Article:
A joint oil exploration project involving South Korea's state-run oil company in Iraq has made another significant oil discovery in the Middle Eastern country, the company said Sunday.
The discovery was made at the Hawler minefield in Iraq's northern Kurdish region, according to the Korea National Oil Corp.
The Banan drill hole is the fourth exploration hole in the Hawler minefield, and it has successfully produced 4,320 barrels of light crude oil per day in a drill stem test that began in January, the company said.
The first oil extraction from the Hawler minefield was in March last year after the KNOC and Switzerland's Oryx Petroleum jointly discovered some 600 million barrels of oil in estimated reserve. The second discovery was made in October, and the third in November.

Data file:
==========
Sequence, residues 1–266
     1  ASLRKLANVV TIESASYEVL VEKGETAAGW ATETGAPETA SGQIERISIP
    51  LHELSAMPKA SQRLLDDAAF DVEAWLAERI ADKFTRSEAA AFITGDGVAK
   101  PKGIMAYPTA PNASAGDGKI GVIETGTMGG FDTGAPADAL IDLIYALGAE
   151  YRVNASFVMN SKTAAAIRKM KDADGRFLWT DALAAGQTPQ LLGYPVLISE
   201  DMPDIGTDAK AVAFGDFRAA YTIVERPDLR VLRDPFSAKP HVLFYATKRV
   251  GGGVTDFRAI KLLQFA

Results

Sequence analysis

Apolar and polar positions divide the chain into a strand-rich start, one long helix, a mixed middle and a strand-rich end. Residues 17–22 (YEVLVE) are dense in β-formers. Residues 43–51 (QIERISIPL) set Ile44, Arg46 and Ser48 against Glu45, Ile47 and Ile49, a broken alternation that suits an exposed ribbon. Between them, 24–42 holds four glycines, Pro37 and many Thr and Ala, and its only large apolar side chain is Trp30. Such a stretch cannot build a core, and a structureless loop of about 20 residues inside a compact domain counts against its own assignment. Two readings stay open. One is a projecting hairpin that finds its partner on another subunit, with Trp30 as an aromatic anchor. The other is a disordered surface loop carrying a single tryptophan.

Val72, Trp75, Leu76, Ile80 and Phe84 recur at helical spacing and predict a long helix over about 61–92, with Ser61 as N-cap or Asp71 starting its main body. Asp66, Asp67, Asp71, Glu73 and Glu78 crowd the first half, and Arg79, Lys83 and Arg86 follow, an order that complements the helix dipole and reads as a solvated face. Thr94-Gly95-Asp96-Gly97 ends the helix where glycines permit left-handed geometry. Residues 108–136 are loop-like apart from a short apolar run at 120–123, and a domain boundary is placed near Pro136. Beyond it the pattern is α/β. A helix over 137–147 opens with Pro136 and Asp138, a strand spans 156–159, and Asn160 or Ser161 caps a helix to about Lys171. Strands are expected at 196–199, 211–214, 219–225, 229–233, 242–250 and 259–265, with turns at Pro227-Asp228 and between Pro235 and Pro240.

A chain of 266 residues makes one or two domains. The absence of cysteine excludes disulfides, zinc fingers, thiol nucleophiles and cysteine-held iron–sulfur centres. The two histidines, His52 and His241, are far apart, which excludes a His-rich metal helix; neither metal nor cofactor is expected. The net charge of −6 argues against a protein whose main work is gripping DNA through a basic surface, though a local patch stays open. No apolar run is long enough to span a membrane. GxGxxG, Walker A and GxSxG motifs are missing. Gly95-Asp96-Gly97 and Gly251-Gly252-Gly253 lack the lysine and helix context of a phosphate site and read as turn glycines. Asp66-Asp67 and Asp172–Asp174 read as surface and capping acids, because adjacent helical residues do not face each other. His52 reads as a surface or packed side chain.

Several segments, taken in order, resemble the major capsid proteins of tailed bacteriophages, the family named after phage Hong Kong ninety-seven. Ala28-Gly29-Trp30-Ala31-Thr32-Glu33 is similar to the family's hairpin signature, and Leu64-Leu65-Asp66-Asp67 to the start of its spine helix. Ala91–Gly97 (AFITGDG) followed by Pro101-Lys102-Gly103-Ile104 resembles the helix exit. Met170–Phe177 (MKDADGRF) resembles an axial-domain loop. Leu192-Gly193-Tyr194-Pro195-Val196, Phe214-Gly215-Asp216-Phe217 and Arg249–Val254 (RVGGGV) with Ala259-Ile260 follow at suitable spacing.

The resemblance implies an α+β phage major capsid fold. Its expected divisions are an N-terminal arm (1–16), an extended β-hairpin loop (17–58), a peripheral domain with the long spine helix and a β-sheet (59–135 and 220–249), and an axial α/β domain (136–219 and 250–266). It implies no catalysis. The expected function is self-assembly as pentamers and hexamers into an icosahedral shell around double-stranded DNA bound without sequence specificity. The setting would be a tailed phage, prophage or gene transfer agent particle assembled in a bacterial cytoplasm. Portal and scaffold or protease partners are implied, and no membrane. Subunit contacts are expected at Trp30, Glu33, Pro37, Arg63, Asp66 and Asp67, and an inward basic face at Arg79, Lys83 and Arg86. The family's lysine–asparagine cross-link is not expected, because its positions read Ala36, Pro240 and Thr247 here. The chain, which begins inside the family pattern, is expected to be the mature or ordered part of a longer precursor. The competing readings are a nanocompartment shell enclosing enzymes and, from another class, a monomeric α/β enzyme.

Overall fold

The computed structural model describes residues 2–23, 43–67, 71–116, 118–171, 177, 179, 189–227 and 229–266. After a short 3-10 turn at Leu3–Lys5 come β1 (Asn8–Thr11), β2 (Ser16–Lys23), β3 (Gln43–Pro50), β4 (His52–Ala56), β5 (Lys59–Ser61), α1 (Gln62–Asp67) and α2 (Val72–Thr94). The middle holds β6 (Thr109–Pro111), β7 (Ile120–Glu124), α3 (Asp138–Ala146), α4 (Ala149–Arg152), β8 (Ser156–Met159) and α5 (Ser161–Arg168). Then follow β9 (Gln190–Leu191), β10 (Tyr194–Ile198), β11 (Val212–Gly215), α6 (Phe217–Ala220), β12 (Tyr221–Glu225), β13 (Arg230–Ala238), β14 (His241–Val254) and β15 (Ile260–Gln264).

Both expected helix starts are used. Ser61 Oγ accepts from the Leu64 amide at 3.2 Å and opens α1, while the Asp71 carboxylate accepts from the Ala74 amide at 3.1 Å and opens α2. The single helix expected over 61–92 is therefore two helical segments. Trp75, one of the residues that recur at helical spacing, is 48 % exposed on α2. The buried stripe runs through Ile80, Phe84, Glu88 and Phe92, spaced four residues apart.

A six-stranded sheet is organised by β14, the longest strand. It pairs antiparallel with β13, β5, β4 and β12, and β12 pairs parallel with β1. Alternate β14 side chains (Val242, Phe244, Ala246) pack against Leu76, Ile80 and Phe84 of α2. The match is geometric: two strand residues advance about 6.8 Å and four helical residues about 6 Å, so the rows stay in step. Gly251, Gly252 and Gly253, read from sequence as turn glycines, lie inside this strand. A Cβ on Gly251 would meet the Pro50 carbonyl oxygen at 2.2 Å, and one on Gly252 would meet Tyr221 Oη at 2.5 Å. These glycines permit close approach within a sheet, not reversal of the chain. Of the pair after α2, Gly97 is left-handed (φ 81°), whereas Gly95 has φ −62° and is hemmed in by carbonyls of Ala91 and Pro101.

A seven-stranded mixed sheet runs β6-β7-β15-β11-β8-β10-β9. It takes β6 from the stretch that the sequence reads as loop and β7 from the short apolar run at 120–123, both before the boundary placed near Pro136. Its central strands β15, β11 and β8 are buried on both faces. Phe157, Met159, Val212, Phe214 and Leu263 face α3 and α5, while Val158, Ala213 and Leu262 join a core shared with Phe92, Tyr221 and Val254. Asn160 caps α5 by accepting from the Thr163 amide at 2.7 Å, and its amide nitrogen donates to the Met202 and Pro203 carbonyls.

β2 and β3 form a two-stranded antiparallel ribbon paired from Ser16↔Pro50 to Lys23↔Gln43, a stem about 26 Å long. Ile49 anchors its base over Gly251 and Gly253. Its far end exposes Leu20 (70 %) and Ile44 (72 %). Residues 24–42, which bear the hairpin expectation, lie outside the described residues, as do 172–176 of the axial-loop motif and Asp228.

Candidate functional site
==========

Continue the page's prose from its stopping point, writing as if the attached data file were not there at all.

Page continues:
The KNOC has a 15-percent stake in the exploration minefield with Oryx Petroleum owning a 65-percent stake. The remaining 20-percent stake is controlled by Iraq's Kurdistan Regional Government.
Along with the Hawler project, the KNOC is also taking part in exploration projects in the Bazian and Sangaw South mines, both in the Kurdish region.
The Kurdish region is believed to hold nearly 450 million barrels of oil, about 30 percent of Iraq's total oil reserves and enough to supply South Korea's total consumption for 50 years. (Yonhap)